F1B Downshift#56- How Shell lubricates a Ferrari F1 engine

Part of my journey to learn more about Shell V-Power raised several questions about another part of Shell’s operation and relationship with Ferrari. While the importance of Fuel cannot be ignored, I also found that the challenge of lubricating a Formula 1 engine is equally critical and I wanted to learn more about that process.

I reached out to Shell’s Ian Shannon and Mark Wakem to get their insight on just how Shell approaches the daunting task of lubricating a Formula One engine and what relevance that has for us at home. Making eight engines last for a season was hard enough but in 2014, they only have five engines and they could be asked to serve as many as 21 races. The task is immense! Join me, Ian and Mark as we discuss Shell’s approach to lubricating a F1 engine and the relevancy to our road cars.

Here are Ian and Mark’s bio’s…they are very busy boys.

Ian Shannon

Ian Shannon graduated from the University of Newcastle-upon-Tyne, England, with a degree in Astronomy and Astrophysics, and a PhD in Atomic Physics.

From university, Ian joined Shell at the Thornton Research Centre near Chester in the UK, where he spent ten years in a variety of roles developing next-generation formulation technology and products for passenger car motor oils and heavy-duty engine oil applications. In between these roles he spent three years in Melbourne, Australia where he ran Shell’s technical service and product development centre serving a wide variety of fuels and lubricants customers.

Between 1999 and 2005, Ian was European Marketing Manager responsible for delivering new business solutions to customers across a wide variety of manufacturing and heavy industry business sectors. From 2006 to 2009, Ian was responsible for Shell UK’s Industry Lubricants business, leading a team responsible for developing long-term partnerships with B2B enterprises in the UK.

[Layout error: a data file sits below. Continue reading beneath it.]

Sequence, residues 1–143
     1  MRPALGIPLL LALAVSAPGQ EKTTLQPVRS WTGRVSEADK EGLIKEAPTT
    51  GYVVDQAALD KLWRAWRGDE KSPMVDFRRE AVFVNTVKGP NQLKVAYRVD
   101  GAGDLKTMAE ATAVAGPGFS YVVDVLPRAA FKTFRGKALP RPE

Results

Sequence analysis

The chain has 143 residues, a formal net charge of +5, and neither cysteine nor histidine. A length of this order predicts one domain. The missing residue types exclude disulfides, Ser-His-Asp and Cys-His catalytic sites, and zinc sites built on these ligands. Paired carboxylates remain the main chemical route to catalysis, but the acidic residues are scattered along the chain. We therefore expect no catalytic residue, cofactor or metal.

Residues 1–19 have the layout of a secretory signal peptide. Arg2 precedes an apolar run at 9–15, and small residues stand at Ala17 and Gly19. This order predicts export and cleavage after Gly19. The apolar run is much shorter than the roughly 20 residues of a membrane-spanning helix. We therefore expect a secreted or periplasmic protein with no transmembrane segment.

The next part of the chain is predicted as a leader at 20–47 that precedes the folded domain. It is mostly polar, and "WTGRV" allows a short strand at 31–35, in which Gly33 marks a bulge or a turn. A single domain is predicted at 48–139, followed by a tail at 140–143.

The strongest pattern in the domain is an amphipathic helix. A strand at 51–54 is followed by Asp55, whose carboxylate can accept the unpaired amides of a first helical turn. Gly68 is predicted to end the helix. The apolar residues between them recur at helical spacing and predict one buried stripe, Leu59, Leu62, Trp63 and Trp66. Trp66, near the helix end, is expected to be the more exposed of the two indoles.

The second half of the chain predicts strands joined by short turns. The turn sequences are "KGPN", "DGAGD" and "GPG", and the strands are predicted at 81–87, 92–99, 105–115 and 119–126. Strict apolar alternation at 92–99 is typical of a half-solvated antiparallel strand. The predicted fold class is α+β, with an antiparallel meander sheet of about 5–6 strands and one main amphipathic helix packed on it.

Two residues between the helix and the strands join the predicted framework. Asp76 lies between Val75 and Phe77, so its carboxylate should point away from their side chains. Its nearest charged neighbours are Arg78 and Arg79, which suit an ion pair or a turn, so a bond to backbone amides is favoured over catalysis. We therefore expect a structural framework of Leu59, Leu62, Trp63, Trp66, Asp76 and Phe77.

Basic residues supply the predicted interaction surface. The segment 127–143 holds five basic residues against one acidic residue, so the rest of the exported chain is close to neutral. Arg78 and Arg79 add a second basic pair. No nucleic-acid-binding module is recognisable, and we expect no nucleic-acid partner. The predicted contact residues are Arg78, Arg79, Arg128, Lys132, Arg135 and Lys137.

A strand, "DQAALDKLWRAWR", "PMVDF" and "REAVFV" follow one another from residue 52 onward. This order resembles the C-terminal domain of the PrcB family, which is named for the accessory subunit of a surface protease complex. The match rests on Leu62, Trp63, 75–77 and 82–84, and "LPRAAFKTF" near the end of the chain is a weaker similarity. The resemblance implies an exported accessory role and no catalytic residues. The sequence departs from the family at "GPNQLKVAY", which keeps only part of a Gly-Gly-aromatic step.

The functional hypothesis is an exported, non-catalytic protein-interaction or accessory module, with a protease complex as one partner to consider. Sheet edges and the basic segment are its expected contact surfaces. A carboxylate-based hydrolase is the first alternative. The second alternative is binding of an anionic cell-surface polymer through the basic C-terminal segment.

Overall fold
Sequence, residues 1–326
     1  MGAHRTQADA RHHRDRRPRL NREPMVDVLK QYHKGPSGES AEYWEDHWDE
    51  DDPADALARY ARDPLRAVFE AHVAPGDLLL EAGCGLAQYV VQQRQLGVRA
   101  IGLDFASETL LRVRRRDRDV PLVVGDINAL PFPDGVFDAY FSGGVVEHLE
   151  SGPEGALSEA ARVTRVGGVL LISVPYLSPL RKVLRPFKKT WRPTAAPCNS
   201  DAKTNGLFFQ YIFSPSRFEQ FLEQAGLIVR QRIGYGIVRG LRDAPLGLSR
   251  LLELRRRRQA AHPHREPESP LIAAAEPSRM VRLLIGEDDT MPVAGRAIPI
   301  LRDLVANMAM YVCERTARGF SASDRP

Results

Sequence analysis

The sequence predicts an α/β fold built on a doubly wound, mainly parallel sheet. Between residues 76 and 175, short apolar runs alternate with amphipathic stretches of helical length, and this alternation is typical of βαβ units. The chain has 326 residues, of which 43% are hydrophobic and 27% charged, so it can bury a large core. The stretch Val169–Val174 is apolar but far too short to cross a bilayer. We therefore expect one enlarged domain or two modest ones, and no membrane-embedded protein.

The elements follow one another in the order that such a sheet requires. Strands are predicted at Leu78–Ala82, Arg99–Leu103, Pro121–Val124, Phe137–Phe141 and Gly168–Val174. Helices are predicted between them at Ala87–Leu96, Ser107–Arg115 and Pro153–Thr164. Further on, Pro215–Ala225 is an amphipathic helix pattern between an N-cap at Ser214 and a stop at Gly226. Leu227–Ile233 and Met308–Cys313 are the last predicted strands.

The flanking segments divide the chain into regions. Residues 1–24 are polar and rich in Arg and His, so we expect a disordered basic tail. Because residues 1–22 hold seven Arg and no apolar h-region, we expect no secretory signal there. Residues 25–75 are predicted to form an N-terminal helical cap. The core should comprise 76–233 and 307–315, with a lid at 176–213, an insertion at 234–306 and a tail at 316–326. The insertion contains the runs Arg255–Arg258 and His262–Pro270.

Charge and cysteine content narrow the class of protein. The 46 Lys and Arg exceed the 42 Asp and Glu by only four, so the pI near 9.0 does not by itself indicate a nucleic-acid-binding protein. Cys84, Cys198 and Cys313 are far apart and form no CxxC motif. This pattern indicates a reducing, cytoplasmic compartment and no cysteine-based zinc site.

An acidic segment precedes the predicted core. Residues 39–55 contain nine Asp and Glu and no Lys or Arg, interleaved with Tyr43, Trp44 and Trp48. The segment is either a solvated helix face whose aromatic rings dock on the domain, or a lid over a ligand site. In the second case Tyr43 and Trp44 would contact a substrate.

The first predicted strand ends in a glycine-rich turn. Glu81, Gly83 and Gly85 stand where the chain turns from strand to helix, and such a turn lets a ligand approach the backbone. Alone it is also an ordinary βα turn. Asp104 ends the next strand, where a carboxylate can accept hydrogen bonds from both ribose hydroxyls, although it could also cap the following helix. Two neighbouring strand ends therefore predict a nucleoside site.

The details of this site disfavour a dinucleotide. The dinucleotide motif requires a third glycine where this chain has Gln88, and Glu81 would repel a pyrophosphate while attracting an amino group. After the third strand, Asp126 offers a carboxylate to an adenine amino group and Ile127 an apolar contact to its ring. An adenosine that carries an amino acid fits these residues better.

Since 2009, Ian has returned to Shell’s Lubricants Technology function, where he now leads the global team responsible for Passenger Car Motor Oils R&D, delivering leading-edge technology for Pennzoil, Quaker State, Shell Helix and dedicated automotive OEM products.

Ian has been married for over 25 years, and has three adult children. He spends his spare time walking, keeping fit, reading, enjoying good food and drink, and listening to a wide variety of classical and rock music.

Mark Wakem

Mark Wakem works with Ferrari design and development teams to ensure Shell’s engine oils deliver maximum performance and optimum protection in each new development of their Formula One™ engines. At the same time, he is part of the Shell Helix road oil development team, ensuring that the lubricant technology transfer between the road and race track is used to best effect for both products.

A typical day for Wakem involves discussing engine oil developments with the engineers in Maranello, and the results of tests in the engine cells there and out at track tests around the world. In the UK, he and his team may be planning a development programme for the next generation of oil for the Ferrari Formula One™ engine, involving blending a set of oils in the laboratory, then carrying out a variety of tests in rigs to decide the formulation of candidates to go forward for engine testing in Maranello.

Wakem graduated in Engineering from the University of Cambridge and had originally planned to be an aeronautical engineer. While there, he realised that virtually no one gets to design a whole aircraft any more (let alone develop and test fly it himself!). Finding himself drawn to mechanical engineering and the internal combustion engine, the flexibility of the Engineering degree course allowed him to change career direction quite easily.

His first job at Shell was developing tests using engines as the tools for motor oil development. Over the years, he became a specialist in engine hardware, looking at future engine developments and their impact on lubricants. His first role in Formula One™ involved evaluating off-the-wall ideas for performance improvement, which seemed a natural fit with his background in engines and their development. He later took over the engine lubricant development as his main task.

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